Continental curb hugging

Still a regular site across Europe, the Citroën 2CV or “Deux Chevaux” (lit. “two horses”) was a beloved lemon of a French economy car introduced in the 1950’s. Some could be forgiven for thinking that the name referred to vehicle’s horse power.

Polish builder and massive petrol-head Misterzumbi is no stranger to building LEGO versions of this and other classic cars, but he seems to have perfected his 2CV technique here, with a version that is an obvious nod to Nick Barrett’s larger model that we featured here last year.

The significance of the grandfather clock I can only guess at – perhaps itself an homage to the opening titles of the Antiques Roadshow. But I love that the builder chose to represent the vehicle in the full corner-hugging, wheel-screeching, teeth-clenching action of a 2CV going flat out at 8 miles per hour.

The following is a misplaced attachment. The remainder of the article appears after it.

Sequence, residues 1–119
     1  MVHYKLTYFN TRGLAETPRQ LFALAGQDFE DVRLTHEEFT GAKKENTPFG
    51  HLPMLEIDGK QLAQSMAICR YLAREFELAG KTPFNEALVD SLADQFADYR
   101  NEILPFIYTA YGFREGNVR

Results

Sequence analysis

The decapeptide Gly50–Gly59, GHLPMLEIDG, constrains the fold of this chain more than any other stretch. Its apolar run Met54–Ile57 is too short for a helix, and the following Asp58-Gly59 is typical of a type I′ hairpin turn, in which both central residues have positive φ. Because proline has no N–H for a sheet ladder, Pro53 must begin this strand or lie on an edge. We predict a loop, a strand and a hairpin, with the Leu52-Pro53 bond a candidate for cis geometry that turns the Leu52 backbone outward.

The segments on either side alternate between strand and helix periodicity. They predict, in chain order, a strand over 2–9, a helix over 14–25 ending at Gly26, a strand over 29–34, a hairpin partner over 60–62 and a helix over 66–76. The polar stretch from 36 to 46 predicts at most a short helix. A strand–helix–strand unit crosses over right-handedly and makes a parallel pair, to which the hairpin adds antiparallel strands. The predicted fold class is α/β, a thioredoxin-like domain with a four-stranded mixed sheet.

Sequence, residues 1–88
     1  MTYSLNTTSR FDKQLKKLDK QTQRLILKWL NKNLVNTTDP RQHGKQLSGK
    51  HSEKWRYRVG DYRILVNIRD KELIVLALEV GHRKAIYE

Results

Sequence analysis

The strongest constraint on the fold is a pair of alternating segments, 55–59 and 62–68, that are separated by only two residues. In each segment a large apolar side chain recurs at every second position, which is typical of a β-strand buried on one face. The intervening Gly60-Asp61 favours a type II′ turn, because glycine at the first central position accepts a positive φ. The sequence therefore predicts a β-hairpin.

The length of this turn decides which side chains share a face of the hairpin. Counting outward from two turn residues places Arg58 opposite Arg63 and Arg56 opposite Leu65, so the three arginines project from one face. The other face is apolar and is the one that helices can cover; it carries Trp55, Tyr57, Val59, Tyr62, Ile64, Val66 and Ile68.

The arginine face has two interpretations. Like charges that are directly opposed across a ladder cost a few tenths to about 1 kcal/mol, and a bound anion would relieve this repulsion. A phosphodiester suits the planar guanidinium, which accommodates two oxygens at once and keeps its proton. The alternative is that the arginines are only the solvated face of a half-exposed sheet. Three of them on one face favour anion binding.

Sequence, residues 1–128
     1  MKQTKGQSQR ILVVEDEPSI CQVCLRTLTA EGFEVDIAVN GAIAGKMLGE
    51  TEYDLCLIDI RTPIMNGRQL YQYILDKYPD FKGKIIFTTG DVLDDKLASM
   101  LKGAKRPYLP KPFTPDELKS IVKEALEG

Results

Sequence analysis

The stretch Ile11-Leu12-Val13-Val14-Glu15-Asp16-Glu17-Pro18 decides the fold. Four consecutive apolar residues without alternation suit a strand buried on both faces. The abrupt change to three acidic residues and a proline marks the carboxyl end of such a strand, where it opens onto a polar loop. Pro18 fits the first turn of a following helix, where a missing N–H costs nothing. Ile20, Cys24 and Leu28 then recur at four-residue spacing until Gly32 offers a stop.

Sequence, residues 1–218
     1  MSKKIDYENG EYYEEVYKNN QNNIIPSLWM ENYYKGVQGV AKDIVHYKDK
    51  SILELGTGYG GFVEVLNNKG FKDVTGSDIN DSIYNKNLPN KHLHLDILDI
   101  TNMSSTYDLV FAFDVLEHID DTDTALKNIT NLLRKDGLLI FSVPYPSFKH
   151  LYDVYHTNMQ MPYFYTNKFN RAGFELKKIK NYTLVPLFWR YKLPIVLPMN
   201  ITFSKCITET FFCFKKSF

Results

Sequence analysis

However, not satisfied with just one presentation of this idea, Mr. Z decided he should taunt us a second time with another high velocity 2CV vignette, this time featuring a Frenchman who is either very late for a picnic, or just more of a dog person…

5 comments on “Continental curb hugging

  1. irregularshed

    You misrepresent the power of the engine of the 2CV (although they *were* hugely underpowered!). When released the engines had an awful 9 BHP but after that the engines were 28-33 BHP depending on the date of manufacture. Two horse-power refers to the taxation system used in France at the time.

    They’re ropey cars but I still love them, so I have to point out your error!

  2. Iain Post author

    Thank you for pointing out my misconception! I’ve corrected the post accordingly. I think the two horsepower thing must be one of those cultural legends passed down from father to son now. Like the belief that it referred to how people would pull their 2CVs from ditches, or the number of animal behinds that it resembled. :-)

    Let’s not forget though that with its canvas sunroof, the 2CV was essentially a convertible! Which practically made it a luxury car. So there’s that at least.

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